On January 29, 2019, the Ninth Circuit Court of Appeals issued an important opinion that is relevant for employers who are responsible for providing job seekers with a compliant disclosure and authorization under the Fair Credit Reporting Act (15 U.S.C. § 1681 et seq.).
In Gilberg v. California Check Cashing Stores (No. 17-16263) (“Opinion”) the Court addressed the issue of the required disclosure and authorization and whether it is “clear and conspicuous” and “in a document that consists solely of the disclosure.” (FCRA, § 1681b(b)(2)(A)). At issue was whether the inclusion of various state-mandated disclosures violated the FCRA’s “standalone document” requirement and are therefore extraneous. And, the Court also addressed the issue of what is “clear and conspicuous” under the FCRA.
Specifically, the Court considered these questions:
Before diving into the Court’s Opinion, let’s briefly describe a key employer obligation under the FCRA when conducting a background check for employment purposes. Obligation—employers need to provide the job applicant with a disclosure and authorization that is a standalone, clear and conspicuous disclosure of its intention to conduct a background check.
Employers must advise job applicants of the background check when using the services of a third-party background screening company and must capture the job applicant’s consent for said check. As recent settlements demonstrate, this requirement is not always resonating with employers. Consider settlements and/or on-going litigation against retail stores (granted class certification) and healthcare providers ($1.3 million) to list a couple of examples.
Since neither the Federal Trade Commission nor the Consumer Financial Protection Bureau have provided users of consumer reports (aka “background check reports”) with a standard disclosure and authorization we look to the FCRA itself for guidance as well as case law. And in this area, the case law is evolving. We know, for instance, that inclusion of any type of a release of liability/liability waiver in a disclosure and authorization is considered extraneous information because it violates the standalone disclosure requirement. (See, Syed v. M-I, LLC, 853 F3d 492 (9th Cir. 2017)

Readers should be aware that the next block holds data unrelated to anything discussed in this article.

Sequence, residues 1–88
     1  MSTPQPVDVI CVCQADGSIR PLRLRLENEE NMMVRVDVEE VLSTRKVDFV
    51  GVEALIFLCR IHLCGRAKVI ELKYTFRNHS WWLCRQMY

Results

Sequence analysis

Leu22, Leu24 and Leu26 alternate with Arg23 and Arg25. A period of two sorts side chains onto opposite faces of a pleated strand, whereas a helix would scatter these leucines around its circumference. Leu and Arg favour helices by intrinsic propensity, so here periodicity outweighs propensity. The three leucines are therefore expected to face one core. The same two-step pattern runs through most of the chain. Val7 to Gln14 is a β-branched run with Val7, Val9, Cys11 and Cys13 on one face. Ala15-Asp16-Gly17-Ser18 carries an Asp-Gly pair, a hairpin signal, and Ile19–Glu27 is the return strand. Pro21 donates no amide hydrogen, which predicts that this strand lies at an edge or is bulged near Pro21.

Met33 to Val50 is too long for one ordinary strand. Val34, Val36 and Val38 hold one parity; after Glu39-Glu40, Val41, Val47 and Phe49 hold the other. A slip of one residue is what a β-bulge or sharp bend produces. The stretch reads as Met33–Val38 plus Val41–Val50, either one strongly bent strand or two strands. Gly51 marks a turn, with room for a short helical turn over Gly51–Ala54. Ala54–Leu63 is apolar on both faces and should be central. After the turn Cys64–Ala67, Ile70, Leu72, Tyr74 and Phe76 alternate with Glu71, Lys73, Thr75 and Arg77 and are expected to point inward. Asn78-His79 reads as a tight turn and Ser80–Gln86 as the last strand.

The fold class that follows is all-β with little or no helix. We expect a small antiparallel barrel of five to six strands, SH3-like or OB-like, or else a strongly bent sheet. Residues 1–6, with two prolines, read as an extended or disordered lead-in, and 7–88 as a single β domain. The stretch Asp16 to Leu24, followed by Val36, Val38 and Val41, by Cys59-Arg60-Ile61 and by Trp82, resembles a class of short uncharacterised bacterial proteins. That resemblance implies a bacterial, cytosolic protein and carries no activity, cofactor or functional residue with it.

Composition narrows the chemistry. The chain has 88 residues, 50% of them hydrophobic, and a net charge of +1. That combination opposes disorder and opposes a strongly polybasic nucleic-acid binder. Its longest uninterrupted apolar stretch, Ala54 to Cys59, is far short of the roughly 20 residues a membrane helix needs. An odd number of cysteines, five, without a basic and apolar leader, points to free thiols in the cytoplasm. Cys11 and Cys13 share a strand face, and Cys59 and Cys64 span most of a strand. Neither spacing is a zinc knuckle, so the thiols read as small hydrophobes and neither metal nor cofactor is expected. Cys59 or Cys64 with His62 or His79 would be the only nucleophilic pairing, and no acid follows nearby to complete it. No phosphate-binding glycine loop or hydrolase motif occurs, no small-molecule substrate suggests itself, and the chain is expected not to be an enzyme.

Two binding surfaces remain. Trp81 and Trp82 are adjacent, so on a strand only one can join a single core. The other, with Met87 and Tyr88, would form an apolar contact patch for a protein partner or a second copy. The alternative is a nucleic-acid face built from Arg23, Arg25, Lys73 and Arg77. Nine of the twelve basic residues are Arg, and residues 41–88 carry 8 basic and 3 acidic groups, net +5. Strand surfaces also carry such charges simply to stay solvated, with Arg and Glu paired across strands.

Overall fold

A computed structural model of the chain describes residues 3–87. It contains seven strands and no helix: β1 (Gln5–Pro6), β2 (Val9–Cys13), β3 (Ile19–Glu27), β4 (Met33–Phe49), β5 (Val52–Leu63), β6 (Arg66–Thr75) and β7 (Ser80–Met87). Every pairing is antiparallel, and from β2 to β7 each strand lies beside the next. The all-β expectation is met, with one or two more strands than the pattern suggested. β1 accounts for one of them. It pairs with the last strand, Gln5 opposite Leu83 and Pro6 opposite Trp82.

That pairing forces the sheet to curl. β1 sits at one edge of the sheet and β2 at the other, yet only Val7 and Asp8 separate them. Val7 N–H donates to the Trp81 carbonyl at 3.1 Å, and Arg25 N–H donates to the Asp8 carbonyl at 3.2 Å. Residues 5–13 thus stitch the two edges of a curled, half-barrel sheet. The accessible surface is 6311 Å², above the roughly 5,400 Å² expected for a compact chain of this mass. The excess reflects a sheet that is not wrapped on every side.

Now, layer in state-mandated disclosures. Previously, disclosure and authorizations included state-mandated disclosures related primarily to receiving a copy of the report (e.g., California, Minnesota, Oklahoma). And over time, additional state disclosures were added. This opinion, although arguably limited to those states falling within the jurisdiction of the 9th Circuit Court of Appeals, should be considered for its potential national impact. The same court as in the Syed case is now saying that “a prospective employer violates FCRA’s standalone document requirement by including extraneous information relating to various state disclosure requirements in that disclosure.” (Opinion at p. 4)
The lead plaintiff in this case had no criminal history, worked for CheckSmart Financial for a period of time, and then voluntarily terminated her employment. After that, she pursued this putative class action alleging violations of the FCRA and state law. (Opinion at p. 9) And, since this is at the appellate level, note that the district court entered summary judgement against the plaintiff and sided with CheckSmart Financial that the disclosure and authorization was compliant.
The information in this blog posting, including the analysis, is intended to be educational in nature. Please refer all questions about the legality of your organization’s disclosure and authorization, as well as your organization’s compliance with the FCRA, to your legal counsel.
Chief Operating Officer
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